To showcase their work, they've written a scientific paper outlining their findings.
Greg Aloupis from the Free University of Brussels and Erik D. Demaine and Alan Guo from MIT ultimately found that most of the games can be classified as "NP-hard", a scientific term meaning they're about as tough as a problem can get.
While you'd think this is all a joke, and it mostly is, reading the paper shows a lot of thought has gone into it. Serious thought. Here's Pokemon, for example:
The no-reverse gadget serves a similar function as the one-way gadget, except after traversing from a to b, the player cannot traverse it from b to a. This is implemented by the gadget in Figure 21. Clearly, the player cannot enter via b, because that lures the weak Trainer to block the passage. Suppose the player enters through a. They can safely walk to b, because the weak Trainer is blocking the bottom strong Trainer's line of sight. However, to reach b, the player must lure the weak Trainer out of the line of sight of the strong Trainer, hence the player may never return in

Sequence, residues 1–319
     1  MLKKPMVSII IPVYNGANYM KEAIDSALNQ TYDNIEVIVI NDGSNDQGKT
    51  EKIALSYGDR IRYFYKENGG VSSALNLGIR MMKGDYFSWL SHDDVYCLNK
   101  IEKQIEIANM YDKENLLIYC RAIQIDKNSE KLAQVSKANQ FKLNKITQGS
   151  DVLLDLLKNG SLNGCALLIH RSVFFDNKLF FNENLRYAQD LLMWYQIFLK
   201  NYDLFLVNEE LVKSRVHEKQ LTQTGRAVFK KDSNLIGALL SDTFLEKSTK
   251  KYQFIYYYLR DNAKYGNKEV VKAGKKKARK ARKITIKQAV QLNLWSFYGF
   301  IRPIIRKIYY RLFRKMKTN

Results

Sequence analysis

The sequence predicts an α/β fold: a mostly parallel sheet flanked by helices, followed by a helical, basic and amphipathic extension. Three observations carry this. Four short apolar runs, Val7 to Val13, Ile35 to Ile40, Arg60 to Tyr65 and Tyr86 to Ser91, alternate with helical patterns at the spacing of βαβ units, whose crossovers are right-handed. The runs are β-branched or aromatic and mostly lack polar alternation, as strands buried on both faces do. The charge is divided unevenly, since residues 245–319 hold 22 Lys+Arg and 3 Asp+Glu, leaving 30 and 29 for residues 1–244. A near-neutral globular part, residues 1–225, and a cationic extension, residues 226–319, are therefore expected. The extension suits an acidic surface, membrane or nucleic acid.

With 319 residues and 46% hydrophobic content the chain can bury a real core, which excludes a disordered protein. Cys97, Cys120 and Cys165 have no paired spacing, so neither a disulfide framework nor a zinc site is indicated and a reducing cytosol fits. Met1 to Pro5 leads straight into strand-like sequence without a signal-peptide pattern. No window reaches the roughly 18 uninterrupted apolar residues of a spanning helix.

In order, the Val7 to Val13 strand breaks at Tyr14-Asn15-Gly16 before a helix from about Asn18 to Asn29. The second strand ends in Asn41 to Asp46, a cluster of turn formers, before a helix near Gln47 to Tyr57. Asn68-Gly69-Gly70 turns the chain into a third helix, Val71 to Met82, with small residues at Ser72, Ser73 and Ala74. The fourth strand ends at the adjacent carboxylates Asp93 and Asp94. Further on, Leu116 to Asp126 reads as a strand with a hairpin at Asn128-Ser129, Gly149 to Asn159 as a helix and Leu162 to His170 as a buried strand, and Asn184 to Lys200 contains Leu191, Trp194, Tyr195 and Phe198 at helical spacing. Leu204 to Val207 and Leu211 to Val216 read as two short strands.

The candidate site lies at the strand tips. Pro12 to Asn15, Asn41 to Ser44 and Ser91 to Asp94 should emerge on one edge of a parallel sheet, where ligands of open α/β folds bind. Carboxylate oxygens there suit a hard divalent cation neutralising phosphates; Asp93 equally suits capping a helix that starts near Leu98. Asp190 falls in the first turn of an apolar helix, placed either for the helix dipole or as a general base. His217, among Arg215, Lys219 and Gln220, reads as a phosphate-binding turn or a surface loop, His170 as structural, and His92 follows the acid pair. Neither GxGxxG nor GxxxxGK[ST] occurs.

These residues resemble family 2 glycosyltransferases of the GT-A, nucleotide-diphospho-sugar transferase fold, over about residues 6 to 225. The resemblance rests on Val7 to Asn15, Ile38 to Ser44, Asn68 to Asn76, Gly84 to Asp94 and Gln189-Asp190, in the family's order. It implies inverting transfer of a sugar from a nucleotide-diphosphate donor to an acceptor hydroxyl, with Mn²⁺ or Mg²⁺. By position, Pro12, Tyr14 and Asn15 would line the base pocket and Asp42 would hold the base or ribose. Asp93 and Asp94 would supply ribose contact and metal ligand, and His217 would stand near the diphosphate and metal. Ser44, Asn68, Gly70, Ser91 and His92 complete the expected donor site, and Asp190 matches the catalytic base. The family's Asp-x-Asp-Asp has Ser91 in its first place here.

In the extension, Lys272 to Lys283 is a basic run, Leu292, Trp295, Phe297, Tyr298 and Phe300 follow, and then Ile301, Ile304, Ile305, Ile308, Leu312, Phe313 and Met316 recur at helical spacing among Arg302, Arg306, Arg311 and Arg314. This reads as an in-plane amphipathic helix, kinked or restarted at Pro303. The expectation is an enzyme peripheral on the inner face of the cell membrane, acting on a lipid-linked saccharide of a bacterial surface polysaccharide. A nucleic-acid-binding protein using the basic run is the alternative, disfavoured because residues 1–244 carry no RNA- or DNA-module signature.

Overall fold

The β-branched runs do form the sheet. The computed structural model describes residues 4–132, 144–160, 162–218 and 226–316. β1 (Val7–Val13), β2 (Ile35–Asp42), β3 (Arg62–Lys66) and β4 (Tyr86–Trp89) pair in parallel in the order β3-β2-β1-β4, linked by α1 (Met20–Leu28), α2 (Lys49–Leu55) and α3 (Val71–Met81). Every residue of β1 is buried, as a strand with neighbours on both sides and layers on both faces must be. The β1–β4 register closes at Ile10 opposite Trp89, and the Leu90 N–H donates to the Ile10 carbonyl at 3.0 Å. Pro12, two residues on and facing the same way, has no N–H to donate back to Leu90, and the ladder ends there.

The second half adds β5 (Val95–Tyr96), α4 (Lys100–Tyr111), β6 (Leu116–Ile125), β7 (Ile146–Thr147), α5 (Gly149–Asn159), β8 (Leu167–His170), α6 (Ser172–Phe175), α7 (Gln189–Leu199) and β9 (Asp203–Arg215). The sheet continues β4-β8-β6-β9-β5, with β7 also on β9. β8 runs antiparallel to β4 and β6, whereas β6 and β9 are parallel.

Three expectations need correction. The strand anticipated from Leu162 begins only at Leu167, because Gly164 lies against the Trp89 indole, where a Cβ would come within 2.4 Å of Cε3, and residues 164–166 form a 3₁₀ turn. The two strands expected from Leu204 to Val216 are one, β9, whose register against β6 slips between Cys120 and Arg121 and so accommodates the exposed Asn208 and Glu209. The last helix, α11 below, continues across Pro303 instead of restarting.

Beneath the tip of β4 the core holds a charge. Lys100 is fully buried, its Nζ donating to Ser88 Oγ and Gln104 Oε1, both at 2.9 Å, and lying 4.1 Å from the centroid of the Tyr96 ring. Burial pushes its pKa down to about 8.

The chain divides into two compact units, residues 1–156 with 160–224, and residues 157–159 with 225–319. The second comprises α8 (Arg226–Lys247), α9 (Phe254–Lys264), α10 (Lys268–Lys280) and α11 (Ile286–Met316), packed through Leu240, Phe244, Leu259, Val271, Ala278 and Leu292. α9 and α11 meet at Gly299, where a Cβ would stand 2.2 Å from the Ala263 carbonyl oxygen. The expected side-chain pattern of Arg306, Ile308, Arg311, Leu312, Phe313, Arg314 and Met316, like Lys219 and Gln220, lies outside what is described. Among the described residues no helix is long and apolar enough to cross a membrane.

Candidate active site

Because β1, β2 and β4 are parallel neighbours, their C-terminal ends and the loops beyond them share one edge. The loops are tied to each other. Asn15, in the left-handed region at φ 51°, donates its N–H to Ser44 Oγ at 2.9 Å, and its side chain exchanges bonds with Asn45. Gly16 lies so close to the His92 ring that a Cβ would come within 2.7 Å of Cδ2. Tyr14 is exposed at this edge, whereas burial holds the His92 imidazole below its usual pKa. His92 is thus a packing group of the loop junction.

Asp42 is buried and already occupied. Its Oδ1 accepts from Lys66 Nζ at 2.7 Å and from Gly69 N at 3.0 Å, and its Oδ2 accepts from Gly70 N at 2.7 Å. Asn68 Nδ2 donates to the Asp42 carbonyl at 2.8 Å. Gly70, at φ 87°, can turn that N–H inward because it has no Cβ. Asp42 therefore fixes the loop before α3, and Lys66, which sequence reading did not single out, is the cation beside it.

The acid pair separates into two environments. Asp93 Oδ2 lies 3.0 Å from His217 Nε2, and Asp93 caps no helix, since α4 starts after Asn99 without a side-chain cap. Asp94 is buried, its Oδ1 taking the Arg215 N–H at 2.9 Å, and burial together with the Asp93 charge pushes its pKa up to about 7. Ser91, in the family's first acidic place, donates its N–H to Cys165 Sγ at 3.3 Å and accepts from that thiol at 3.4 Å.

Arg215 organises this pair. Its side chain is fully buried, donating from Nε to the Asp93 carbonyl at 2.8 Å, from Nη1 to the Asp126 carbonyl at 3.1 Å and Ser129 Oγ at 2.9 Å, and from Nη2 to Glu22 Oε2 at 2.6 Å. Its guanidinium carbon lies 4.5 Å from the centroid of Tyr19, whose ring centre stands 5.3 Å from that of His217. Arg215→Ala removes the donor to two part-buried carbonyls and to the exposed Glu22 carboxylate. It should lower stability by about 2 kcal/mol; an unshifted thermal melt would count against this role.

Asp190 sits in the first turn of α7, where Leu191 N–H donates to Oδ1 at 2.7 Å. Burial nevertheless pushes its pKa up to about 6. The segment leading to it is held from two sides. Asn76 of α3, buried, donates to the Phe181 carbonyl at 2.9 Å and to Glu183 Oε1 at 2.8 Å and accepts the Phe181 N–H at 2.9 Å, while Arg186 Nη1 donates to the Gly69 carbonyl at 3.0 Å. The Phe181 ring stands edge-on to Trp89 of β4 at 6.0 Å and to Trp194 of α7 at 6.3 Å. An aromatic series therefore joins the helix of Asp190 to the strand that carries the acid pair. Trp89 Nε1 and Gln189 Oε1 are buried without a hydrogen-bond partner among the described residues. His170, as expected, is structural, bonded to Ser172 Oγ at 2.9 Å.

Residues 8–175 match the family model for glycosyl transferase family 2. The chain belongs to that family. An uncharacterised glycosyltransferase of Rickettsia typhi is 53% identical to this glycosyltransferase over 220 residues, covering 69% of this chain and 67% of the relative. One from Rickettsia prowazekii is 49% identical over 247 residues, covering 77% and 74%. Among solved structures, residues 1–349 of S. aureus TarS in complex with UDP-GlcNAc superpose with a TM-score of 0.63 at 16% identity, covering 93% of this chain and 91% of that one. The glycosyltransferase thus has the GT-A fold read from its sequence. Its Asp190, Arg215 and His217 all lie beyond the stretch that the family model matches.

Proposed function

the reverse direction.
And here's the sliding block puzzles from Zelda:
Generalized Legend of Zelda is NP-hard by reduction from a puzzle similar to Push-1, because Legend of Zelda contains blocks which may be pushed according to the same rules as in Push-1 , except that in Zelda, each block may be pushed at most once. Fortunately, all of the gadgets in the reduction for Push-1 found in  still function as intended when each block can be pushed at most once, with the possible exception of the Lock gadget. However, a simple modication to the Lock gadget (illustrated in Figure 11) suces. (Here we assume that Link has no items, in particular, no raft.)
You can take a look at the whole paper at the link below.